The groaning trencher there ye fill,
Your hurdies like a distant hill,
Your pin wad help to mend a mill
In time o'need,
While through your pores the dews distil
Like amber bead.

His knife see rustic labour dight,
And cut you up wi' ready slight,
Trenching your gushing entrails bright.
Like ony ditch; And then, O what a glorious sight,
Warm-reekin', rich!

Then, horn for horn, they stretch an' strive:
Deil tak the hindmost! On they drive,
Till a' their weel-swall'd kytes belyve
Are bent like drums;
Then auld guid man, maist like to rive,
"Bethankit!" hums.

Is there that o'er his French ragout
Or olio that wad staw a sow,
Or fricassee wad make her spew
Wi' perfect scunner,
Looks down wi' sneering, scornfu' view
On sic a dinner?

Poor devil! See him owre his trash,
As feckless as wither'd rash,
His spindle shank, a guid whip-lash;
His nieve a nit;
Thro' bloody flood or field to dash,
O how unfit!

But mark the rustic, haggis-fed,
The trembling earth resounds his tread.
Clap in his walie nieve a blade,
And legs, and arms, and head will sned,
Like taps o' thrissle.

Ye powers, wah mak mankind your care,
And dish them out with their bill o' fare,
Auld Scotland wants nae skinking ware
That jaups in luggies;
But, if ye wish her gratefu' prayer
Gie her a haggis!

After the traditional poem and the, um, carving of the haggis, there is much feasting and merriment, presumably accompanied/followed by very large quantities of whiskey.

Ah, to be in Scotland - or to at least have access to a proper kitchen - on this night!

And now, for the truly curious amongst you who have access to a proper kitchen, here is your recipe for haggis (courtesy of BBC):

Preparation time: overnight
Cooking time: over 2 hours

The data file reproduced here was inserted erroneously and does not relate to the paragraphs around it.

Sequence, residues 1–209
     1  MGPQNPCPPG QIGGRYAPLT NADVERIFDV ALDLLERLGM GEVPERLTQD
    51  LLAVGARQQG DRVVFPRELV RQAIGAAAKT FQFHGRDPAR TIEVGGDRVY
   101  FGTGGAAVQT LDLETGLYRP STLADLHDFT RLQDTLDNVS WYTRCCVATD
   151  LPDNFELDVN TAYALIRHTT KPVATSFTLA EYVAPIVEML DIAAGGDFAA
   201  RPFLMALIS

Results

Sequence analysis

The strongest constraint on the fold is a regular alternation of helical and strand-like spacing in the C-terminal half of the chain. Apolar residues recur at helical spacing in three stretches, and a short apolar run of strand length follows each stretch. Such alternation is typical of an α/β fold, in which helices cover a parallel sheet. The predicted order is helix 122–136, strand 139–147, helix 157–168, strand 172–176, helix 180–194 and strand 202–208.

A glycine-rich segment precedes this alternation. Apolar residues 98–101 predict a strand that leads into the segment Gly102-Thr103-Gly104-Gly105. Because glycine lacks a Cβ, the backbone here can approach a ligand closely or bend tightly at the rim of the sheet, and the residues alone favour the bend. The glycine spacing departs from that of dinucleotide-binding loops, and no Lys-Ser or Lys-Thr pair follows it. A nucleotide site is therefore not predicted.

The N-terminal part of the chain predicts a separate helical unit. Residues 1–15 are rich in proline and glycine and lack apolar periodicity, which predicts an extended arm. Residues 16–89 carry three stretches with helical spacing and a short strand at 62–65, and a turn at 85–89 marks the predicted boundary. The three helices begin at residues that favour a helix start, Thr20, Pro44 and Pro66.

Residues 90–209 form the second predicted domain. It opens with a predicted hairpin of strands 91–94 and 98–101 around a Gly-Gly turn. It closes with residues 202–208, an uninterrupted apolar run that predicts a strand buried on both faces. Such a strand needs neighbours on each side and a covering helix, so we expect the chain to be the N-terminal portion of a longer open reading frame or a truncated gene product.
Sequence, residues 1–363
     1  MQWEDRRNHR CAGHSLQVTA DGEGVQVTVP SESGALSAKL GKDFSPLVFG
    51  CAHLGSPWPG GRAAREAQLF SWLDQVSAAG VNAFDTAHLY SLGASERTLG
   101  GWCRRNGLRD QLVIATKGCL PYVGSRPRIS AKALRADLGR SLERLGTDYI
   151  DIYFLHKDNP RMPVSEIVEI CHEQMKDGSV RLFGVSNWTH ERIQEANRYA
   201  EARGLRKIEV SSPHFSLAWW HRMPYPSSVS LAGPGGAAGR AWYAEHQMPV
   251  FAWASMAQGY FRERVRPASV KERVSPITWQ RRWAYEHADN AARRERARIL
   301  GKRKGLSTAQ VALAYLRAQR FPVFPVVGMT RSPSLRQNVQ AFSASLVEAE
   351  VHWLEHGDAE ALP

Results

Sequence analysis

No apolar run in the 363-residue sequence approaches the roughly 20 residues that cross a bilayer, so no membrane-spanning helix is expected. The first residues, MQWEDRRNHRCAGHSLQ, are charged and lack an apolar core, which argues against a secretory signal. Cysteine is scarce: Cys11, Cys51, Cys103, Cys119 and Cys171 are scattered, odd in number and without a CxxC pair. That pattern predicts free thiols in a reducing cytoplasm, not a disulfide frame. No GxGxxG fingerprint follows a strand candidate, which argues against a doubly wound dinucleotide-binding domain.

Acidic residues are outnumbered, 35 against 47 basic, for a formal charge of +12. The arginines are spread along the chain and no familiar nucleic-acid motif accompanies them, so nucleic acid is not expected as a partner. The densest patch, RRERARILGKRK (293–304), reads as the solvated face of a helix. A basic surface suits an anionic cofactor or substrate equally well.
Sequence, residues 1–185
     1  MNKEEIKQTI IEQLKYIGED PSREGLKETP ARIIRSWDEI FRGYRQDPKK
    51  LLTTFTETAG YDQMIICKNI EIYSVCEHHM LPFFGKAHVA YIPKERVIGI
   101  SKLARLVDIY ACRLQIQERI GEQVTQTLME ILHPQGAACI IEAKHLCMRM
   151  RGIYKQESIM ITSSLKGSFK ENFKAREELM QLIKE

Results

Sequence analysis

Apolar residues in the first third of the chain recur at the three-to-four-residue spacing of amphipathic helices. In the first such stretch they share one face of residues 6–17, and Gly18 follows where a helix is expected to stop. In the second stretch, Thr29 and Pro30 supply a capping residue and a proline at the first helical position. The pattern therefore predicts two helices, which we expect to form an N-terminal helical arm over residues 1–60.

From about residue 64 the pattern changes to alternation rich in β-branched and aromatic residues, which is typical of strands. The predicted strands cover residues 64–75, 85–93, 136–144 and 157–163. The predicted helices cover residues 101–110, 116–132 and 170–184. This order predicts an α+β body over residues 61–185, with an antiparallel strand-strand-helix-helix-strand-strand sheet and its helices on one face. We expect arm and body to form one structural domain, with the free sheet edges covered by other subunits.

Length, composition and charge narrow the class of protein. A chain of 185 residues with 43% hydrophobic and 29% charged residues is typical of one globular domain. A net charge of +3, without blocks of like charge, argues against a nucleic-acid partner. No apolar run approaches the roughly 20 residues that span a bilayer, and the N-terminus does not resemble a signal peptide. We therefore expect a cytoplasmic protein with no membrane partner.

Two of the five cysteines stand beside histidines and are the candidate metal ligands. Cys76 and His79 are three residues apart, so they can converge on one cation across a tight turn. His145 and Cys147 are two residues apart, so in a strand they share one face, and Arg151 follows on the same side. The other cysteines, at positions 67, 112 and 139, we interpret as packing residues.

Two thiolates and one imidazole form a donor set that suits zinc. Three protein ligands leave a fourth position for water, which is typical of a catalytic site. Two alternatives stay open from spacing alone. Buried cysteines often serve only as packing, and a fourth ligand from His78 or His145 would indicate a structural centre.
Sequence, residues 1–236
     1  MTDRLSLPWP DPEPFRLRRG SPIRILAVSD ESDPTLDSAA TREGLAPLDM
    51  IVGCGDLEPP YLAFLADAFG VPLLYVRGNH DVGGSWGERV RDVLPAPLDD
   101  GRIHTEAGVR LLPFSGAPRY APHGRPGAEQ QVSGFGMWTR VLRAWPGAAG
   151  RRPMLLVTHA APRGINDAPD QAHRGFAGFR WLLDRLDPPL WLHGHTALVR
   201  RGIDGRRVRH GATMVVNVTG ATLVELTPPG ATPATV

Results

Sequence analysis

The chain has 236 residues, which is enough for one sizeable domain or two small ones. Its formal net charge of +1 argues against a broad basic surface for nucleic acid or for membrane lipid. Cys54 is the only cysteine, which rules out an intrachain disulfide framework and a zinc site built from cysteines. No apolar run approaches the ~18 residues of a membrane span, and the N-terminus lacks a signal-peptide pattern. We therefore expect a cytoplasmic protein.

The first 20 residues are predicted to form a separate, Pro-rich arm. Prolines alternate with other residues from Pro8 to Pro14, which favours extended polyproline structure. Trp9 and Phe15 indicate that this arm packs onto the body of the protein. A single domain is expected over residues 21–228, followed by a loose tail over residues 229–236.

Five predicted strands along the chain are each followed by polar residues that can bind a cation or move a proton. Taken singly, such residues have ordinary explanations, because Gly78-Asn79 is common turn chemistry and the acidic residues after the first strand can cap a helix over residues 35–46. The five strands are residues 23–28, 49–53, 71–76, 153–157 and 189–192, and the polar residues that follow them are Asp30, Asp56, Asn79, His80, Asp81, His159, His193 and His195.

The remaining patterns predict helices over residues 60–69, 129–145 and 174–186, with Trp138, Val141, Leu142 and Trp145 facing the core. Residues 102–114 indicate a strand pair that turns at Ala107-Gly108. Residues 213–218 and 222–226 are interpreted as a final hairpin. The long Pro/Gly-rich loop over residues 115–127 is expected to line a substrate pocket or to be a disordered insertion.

1 sheep's stomach or ox secum, cleaned and thoroughly, scalded, turned inside out and soaked overnight in cold salted water
heart and lungs of one lamb
450g/1lb beef or lamb trimmings, fat and lean
2 onions, finely chopped
225g/8oz oatmeal
1 tbsp salt
1 tsp ground black pepper
1 tsp ground dried coriander
1 tsp mace
1 tsp nutmeg
water, enough to cook the haggis
stock from lungs and trimmings


1.    Wash the lungs, heart and liver (if using). Place in large pan of cold water with the meat trimmings and bring to the boil. Cook for about 2 hours.
2.    When cooked, strain off the stock and set the stock aside.
3.    Mince the lungs, heart and trimmings.
4.    Put the minced mixture in a bowl and add the finely chopped onions, oatmeal and seasoning. Mix well and add enough stock to moisten the mixture. It should have a soft crumbly consistency.
5.    Spoon the mixture into the sheep's stomach, so it's just over half full. Sew up the stomach with strong thread and prick a couple of times so it doesn't explode while cooking.
6.    Put the haggis in a pan of boiling water (enough to cover it) and cook for 3 hours without a lid. Keep adding more water to keep it covered.
7.    To serve, cut open the haggis and spoon out the filling. Serve with neeps (mashed swede or turnip) and tatties (mashed potatoes).

My favorite bit of the recipe is: sew up the stomach with strong thread and prick a couple of times so it doesn't explode while cooking. Can you imagine the mess an exploding haggis would make in your oven? Crikey!

But seriously, it's delightful and gives you that I-have-just-feasted-like-Henry-the-Eighth sort of feeling and if you have occasion to try it and are so inclined, I recommend it highly.